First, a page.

Myostatin-related muscle hypertrophy
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|Myostatin-related muscle hypertrophy|
|Causes||mutations in the MSTN gene|
Myostatin-related muscle hypertrophy is a rare genetic condition characterized by reduced body fat and increased skeletal muscle size. Affected individuals have up to twice the usual amount of muscle mass in their bodies, but increases in muscle strength are not usually congruent. Myostatin-related muscle hypertrophy is not known to cause medical problems, and affected individuals are intellectually normal. The prevalence of this condition is unknown.
Mutations in the MSTN gene cause myostatin-related muscle hypertrophy. The MSTN gene provides instructions for making a protein called myostatin, which is active in muscles used for movement (skeletal muscles) both before and after birth. This protein normally restrains muscle growth, ensuring that muscles do not grow too large. Mutations that reduce the production of functional myostatin lead to an overgrowth of muscle tissue. Myostatin-related muscle hypertrophy has a pattern of inheritance known as incomplete autosomal dominance. People with a mutation in both copies of the gene in each cell (homozygotes) have significantly increased muscle mass. People with a mutation in one copy of the MSTN gene in each cell (heterozygotes) also have increased muscle bulk but to a lesser degree.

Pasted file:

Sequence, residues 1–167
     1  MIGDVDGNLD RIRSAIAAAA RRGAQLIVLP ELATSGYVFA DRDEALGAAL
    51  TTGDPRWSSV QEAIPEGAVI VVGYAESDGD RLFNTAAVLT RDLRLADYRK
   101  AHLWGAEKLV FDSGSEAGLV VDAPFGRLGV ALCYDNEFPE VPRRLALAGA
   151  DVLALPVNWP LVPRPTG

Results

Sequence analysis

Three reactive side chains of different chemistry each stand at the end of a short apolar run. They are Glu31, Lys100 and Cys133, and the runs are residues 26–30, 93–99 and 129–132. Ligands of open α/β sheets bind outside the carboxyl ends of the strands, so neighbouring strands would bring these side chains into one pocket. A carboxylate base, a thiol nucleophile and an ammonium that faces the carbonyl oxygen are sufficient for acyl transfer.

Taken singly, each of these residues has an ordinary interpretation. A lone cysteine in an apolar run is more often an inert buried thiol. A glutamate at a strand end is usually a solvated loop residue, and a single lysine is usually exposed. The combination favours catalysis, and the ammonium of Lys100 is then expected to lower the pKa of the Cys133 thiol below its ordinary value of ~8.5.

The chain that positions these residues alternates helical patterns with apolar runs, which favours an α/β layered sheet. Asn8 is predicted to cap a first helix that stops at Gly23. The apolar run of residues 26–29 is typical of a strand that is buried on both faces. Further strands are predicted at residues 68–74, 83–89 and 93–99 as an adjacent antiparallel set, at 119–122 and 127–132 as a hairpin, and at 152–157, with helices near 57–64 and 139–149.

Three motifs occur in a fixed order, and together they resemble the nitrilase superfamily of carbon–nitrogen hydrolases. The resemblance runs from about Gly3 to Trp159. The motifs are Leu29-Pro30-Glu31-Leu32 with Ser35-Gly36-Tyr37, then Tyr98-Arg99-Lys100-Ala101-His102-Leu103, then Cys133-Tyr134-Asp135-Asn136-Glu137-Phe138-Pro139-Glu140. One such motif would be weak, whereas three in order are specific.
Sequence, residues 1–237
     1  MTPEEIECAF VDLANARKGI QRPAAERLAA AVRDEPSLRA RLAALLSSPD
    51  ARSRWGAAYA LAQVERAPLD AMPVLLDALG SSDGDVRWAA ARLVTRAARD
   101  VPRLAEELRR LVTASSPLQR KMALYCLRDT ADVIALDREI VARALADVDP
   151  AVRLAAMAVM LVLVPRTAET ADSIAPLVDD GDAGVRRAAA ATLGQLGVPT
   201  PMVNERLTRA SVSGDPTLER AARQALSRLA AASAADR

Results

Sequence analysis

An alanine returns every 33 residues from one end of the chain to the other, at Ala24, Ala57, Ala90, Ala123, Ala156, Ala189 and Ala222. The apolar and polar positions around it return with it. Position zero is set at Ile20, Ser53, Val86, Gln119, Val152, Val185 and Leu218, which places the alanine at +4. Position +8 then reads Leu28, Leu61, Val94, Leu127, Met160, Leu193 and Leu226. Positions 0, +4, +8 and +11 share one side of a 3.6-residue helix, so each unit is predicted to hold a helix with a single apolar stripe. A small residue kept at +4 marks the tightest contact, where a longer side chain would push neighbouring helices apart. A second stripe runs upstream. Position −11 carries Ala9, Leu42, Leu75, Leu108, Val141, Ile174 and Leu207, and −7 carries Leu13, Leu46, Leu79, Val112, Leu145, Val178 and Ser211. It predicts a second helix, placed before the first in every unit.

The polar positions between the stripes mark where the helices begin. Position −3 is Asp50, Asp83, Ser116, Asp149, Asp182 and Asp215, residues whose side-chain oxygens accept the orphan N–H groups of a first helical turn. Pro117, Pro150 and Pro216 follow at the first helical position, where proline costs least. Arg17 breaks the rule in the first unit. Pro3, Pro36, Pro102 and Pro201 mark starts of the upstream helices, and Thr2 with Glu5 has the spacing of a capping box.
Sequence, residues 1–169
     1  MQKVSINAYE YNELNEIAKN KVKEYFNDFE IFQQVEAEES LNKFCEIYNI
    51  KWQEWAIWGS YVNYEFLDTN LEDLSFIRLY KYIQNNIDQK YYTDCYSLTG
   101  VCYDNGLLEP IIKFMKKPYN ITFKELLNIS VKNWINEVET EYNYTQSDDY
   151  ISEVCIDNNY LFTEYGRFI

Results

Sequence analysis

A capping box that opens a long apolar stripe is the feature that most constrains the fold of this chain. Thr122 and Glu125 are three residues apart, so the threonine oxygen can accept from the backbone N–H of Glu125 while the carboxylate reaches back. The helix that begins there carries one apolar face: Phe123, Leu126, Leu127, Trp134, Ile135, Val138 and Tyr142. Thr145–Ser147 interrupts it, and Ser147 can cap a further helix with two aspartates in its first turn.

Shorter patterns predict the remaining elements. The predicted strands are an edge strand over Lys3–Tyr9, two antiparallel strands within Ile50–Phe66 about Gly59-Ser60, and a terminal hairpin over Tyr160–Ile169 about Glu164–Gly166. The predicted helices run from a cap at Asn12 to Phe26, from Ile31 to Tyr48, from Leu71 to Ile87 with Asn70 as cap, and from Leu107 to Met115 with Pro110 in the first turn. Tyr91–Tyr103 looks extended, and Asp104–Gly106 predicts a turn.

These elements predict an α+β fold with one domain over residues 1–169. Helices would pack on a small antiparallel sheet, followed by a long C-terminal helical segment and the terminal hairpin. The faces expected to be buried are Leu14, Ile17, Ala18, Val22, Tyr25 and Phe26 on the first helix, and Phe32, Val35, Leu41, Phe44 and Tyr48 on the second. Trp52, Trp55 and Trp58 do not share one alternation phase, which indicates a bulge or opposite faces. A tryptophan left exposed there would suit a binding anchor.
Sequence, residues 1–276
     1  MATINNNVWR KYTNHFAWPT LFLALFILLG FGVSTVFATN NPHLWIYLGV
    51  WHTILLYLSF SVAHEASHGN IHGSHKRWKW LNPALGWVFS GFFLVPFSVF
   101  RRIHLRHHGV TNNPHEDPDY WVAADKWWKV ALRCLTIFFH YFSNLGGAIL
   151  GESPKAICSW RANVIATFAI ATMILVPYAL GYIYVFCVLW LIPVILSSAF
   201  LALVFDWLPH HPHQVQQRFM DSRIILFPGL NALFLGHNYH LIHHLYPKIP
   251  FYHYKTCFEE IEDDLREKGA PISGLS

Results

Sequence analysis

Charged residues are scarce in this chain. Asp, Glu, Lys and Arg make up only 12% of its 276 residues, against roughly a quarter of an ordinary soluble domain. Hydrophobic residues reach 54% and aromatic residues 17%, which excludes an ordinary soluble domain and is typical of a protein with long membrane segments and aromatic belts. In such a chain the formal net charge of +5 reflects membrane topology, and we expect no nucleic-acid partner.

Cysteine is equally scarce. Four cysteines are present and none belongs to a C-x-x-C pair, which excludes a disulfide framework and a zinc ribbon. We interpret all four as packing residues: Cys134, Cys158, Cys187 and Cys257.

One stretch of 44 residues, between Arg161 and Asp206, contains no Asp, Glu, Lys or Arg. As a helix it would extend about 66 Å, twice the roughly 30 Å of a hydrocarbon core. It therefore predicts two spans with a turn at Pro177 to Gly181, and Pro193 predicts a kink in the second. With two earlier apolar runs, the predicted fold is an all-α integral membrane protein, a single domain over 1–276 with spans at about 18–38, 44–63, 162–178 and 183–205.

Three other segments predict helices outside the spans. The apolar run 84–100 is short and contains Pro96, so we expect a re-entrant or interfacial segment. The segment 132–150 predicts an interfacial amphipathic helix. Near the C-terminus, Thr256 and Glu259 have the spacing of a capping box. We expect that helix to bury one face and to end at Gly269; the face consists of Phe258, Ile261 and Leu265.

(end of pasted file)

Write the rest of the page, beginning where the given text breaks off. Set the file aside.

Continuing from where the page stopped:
The effect of this growth factor was first described in cattle as “bovine muscular hypertrophy” by the British farmer H. Culley in 1807. Cattle that have a myostatin gene deletion look unusually and excessively muscular.
Researchers at Guangzhou Institutes of Biomedicine and Health in China have edited the genome of beagles to create double the amount of muscle. Of the two beagles that were genetically modified, only one had increased muscle mass. The ultimate aim of this project is to be able to better treat a genetic neuromuscular disease (Parkinson's disease).
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